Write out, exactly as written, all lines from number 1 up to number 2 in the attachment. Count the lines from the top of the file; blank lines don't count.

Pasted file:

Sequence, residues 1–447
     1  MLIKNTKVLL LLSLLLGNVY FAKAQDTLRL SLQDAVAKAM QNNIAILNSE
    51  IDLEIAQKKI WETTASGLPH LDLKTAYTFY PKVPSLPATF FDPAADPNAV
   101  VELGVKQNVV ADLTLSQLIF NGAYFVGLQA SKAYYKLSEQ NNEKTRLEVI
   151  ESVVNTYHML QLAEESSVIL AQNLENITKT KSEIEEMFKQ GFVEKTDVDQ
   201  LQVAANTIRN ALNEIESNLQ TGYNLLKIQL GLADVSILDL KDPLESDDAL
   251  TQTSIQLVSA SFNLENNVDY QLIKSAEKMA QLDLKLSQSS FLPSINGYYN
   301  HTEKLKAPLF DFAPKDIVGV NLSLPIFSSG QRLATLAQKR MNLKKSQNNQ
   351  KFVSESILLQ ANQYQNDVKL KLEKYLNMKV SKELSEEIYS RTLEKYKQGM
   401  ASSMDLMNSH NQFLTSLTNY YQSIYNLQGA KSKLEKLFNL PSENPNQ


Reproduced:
Sequence, residues 1–447
     1  MLIKNTKVLL LLSLLLGNVY FAKAQDTLRL SLQDAVAKAM QNNIAILNSE